H.H. Holmes in Wicker Park #1

We’ve dug up more information that makes us feel that we can now confidently say that the Frank Wilde who owned Frank Wilde’s Fruit and Candy Store was actually just an alias for H.H. Holmes, the murder castle builder of newfound “Devil in the White City” fame. The location of the place was variously given as 1151 or 1152 Milwaukee in the Tribune, but other papers went with 1151 and it seems as though 1152 was never an actual address. After the 1909 renumbering, that would put the location of H.H. Holmes’ candy store at what is now 1513 N. Milwaukee.

See where the AT&T building is? It would have been right there. The building itself is, like just about every Holmes’ building, long gone – we’re working on a database of all the buildings he rented, owned, or even worked in, and haven’t found one (with the possible exception of one wall) in Chicago that’s still standing. In descriptions of his buildings, you run across the words “ramshackle” and “rickety” a lot. Not the sort of stuff that lasts a century.

It was at this spot, though, that Holmes seduced -and probably killed – Emily Van Tassel. Not one book on Holmes has quite gotten this story right; most say she worked for Holmes at his murder castle. In fact, she worked at the candy store, having previously been employed by a photographer a few doors down. She lived with her mother at a Damen street home right about where the Pritzker School is now, across from Wicker Park.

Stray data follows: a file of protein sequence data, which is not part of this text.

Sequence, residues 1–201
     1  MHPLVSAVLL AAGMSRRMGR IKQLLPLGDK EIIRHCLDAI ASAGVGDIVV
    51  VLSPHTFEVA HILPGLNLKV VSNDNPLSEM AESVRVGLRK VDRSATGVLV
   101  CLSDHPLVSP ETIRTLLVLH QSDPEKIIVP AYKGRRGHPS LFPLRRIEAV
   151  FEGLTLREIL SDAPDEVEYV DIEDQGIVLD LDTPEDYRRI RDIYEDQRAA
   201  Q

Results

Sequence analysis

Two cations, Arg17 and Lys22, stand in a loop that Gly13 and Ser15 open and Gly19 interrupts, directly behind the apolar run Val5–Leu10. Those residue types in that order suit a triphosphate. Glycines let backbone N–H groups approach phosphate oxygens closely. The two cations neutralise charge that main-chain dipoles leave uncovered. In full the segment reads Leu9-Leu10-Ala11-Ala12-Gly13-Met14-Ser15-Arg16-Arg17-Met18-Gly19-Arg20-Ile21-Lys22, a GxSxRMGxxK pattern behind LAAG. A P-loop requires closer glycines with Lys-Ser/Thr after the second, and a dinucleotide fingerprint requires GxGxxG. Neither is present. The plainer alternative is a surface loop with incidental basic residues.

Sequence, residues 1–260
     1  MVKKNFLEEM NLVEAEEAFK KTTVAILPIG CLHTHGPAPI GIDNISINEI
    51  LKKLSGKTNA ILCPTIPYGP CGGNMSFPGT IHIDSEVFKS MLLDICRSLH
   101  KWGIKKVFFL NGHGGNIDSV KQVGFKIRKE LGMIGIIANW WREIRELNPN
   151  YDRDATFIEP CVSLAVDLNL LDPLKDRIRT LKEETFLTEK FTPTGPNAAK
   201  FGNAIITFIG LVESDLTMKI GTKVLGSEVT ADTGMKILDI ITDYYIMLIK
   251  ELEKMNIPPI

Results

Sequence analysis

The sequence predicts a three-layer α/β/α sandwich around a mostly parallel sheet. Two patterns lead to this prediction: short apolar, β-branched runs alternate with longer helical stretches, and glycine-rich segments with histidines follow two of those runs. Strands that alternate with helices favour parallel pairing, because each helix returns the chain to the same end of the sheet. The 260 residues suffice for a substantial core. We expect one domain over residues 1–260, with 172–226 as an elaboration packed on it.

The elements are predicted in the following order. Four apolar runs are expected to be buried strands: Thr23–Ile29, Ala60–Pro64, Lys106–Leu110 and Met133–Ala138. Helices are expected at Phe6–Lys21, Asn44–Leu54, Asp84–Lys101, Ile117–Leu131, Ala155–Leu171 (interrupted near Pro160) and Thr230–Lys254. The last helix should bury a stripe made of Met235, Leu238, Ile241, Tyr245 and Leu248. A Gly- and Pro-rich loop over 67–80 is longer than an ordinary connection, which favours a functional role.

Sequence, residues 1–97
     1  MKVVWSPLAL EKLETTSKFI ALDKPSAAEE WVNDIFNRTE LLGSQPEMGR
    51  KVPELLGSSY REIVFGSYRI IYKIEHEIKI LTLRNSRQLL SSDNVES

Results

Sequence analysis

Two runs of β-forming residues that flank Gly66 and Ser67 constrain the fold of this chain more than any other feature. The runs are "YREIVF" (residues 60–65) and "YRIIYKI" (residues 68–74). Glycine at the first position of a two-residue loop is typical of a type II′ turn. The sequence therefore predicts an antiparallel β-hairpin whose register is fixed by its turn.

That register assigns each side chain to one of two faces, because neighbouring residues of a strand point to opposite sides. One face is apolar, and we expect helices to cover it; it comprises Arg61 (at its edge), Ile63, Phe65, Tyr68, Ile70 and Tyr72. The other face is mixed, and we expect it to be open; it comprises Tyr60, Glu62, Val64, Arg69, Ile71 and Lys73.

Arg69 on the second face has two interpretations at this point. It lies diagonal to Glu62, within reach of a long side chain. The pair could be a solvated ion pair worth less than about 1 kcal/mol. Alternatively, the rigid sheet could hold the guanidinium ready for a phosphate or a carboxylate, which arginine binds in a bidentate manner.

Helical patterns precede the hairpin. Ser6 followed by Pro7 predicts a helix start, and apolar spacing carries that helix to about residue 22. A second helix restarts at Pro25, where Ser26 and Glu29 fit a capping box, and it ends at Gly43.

Her mother said that she met Holmes four times, and that she accompanied them on a date once or twice, for long walks and ice cream, but that Emily, who was 16 or 17 and taught Sunday School, was a “good girl” and wouldn’t have gone off with him without telling her. She went missing one day, and Mrs. Van Tassel knew what had happened the moment she saw a drawing of Holmes in the papers.

The police questioned her and her neighbors at great length before deciding to believe her, but as of 1895 they were confident that Wilde was a Holmes alias (the 1890 census only exists in fragments, but there’s certainly no one by that name in the 1880 or 1900 ones in Chicago). For a time, it was believed that he had stashed her body in the basement of the candy store, but most decided that it was more likely she was taken to the castle, murdered, and disposed of in such a way that would leave no trace. Even more likely, though, she would have been taken to the house and “glass bending” factory” Holmes was in possession of a few blocks North of the candy shop.